The Biggest Food Stories of 2017

By Published on .

Amazon innovation: 365 Everyday Value diced tomatoes
Amazon innovation: 365 Everyday Value diced tomatoes Credit: Whole Foods/Georg Beyer

Amazon buying Whole Foods Market was the most-remembered food industry story of 2017, with 60 percent of U.S. adults aware of the acquisition, a recent survey by Hunter Public Relations found.

Surprisingly, 35 percent of people in the survey ranked food and nutrition news as more important than other types of news -- including politics, which dominated headlines this year. That number was the lowest level in the past five years of the Hunter survey.

Among millennials, Gen X and what the survey labels baby boomers/mature adults, the top two stories were Amazon buying Whole Foods this summer followed by Chipotle's latest food safety concerns, which 41 percent of people remembering seeing, hearing or reading about. The burrito chain's recovery was the biggest U.S. food story in 2016, according to Hunter's prior survey.

The third-ranked story of the year is where the generations' opinions really start to differ. Among millennials, "unicorn food" -- those trendy, colorful and somewhat unique items that generate plenty of buzz (hello, wacky Frappuccinos) -- ranked third. But among both Gen X and Baby Boomer/Matures, the third-most remembered food story of the year was Tyson recalling nearly 2.5 million pounds of breaded chicken products because they might have contained milk.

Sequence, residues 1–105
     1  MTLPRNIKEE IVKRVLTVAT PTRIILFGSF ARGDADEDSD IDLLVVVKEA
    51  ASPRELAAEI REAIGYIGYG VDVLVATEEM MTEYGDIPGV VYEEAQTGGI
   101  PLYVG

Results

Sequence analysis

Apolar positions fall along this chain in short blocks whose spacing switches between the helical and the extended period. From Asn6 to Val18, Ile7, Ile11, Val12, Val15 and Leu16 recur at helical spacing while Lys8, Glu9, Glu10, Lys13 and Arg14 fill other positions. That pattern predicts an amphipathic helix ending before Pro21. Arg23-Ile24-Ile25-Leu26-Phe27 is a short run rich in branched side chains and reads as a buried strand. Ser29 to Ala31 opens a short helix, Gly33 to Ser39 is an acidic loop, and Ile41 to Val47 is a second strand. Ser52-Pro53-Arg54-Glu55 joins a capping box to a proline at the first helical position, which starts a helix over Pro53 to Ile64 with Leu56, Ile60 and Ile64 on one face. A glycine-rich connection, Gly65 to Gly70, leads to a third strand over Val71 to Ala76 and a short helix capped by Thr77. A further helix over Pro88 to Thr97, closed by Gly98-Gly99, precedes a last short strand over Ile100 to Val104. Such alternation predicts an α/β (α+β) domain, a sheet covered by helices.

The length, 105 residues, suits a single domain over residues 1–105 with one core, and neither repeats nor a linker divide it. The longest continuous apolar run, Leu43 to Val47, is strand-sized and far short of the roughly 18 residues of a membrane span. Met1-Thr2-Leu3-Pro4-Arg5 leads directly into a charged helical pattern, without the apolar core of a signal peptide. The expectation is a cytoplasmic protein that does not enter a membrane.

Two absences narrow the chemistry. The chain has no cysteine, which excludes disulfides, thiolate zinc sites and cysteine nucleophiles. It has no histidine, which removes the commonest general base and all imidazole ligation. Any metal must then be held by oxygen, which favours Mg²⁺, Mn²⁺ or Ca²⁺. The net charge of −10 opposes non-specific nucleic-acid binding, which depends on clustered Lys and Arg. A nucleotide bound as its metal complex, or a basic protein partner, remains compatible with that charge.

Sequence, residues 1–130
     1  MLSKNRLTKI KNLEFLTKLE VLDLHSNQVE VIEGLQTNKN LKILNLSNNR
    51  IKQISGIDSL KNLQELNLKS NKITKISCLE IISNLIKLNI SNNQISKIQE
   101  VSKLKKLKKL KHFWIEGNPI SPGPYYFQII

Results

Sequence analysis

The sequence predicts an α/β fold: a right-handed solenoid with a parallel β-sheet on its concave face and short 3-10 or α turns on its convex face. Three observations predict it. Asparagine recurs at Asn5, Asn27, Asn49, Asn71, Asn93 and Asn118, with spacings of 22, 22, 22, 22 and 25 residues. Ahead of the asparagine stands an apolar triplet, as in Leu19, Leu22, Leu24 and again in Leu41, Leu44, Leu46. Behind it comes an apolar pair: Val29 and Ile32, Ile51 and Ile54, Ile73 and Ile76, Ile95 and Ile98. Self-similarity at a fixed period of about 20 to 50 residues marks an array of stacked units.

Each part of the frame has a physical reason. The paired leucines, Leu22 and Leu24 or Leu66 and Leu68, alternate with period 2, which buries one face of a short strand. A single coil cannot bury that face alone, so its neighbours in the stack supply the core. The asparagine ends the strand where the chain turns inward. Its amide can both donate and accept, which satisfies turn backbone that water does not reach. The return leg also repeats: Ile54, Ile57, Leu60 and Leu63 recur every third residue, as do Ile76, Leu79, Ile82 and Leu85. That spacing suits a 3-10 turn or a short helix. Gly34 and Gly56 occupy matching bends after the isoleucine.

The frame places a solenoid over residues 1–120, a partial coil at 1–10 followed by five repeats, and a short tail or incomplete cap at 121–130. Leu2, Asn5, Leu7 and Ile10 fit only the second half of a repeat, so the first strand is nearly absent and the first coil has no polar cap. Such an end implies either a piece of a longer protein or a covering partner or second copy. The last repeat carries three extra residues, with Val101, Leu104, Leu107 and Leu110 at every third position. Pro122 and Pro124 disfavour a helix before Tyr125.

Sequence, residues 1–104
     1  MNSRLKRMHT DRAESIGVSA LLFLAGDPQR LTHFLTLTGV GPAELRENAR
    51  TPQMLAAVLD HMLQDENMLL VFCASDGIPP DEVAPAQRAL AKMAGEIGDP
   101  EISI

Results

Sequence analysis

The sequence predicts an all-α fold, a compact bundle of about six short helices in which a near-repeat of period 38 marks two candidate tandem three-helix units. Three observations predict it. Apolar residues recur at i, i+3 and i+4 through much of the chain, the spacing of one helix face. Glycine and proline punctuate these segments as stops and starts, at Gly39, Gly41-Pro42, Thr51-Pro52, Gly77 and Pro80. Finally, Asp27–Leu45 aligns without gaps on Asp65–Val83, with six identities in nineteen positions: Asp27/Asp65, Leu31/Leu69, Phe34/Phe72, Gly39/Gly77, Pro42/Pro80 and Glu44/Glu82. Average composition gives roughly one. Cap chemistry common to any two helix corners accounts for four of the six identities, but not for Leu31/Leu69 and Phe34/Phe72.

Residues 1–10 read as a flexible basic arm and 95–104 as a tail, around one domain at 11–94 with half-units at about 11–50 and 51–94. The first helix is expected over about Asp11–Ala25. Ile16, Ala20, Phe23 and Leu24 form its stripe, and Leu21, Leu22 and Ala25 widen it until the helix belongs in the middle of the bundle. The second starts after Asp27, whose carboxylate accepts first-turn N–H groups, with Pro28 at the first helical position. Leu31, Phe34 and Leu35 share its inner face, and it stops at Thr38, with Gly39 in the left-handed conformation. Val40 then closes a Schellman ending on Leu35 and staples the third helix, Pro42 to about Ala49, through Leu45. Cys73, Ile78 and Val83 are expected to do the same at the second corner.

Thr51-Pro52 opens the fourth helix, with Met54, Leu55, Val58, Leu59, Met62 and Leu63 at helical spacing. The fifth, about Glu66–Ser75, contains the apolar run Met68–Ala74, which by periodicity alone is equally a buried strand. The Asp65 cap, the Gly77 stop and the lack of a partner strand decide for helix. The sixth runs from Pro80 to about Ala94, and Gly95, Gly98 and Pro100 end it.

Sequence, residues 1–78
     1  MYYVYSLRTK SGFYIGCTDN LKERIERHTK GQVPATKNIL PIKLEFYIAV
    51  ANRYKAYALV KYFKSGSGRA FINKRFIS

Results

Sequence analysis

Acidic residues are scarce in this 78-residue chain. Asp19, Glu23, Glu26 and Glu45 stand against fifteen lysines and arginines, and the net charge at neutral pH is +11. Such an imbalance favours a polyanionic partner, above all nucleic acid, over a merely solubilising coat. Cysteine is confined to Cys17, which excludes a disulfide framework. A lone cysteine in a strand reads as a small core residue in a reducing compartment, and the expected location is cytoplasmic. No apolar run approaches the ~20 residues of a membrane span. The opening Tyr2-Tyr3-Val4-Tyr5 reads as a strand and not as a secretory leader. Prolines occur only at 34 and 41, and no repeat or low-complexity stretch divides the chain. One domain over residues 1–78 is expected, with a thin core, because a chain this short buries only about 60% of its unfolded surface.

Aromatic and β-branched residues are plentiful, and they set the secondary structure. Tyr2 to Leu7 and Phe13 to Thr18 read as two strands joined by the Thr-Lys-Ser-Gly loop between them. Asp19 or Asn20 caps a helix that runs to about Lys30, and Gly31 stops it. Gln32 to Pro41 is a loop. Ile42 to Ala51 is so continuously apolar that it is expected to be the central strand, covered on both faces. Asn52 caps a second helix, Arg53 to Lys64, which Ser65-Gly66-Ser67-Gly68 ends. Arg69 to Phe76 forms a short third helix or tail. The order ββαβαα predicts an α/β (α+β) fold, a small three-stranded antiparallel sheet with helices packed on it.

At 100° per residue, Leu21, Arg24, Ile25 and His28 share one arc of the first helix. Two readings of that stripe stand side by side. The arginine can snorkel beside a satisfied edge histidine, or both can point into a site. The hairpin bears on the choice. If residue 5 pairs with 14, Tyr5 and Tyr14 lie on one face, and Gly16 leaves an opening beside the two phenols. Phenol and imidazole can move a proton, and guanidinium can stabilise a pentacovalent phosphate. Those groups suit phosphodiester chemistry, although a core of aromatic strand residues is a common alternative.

And in an interesting sign for marketers, food trends, food brand marketing and food industry news are somewhat more important to millennials than to Gen X and Baby Boomers/Matures, the survey found. Still, the most important topics for all three cohorts were food safety and nutrition/health and wellness.

The survey also showed social media strengthening its lead as the main place people hear or learn about recipes, with 51 percent citing social media, up from 37 percent in 2016. And while 44 percent opt for websites to find recipes, just 36 percent said they turn to books or cookbooks, down from 42 percent in 2016 and from above 50 percent in 2015 and 2014. For general food news, TV is still the leading source of information, though only 42 percent turn there first, down from 46 percent in 2016.

The study, fielded online Oct. 24 to 28, asked 1,000 American adults about top food stories that ran over the previous 12 months. Hunter says the survey, conducted with Libran Research & Consulting, was fielded online Oct. 24 to 28.

Hunter noted that it has been an agency on select Amazon U.S. retail businesses since May, but was not involved in any work on the Whole Foods acquisition.

Here's the agency's full top 10 of 2017:

1. Amazon Acquires Whole Foods Market

2. Another Food Safety Scare at Chipotle

3. Nearly 2.5 Million Pounds of Tyson Chicken Products Recalled

4. Trump Takes Aim at School Lunch Guidelines

5. Restaurant Chains Now Deliver

6. Proposed Tariff on Mexican Imports to Fund "Wall" Means Americans Will Pay More for Food & Beverages

7. There's a Meal Kit for Everyone

8. (TIE) Unicorn Food is Colorful, Sparkly and Everywhere

8. (TIE) FDA Delays Rollout of New Nutrition Labels

10. Avocado Prices Stabilize

Most Popular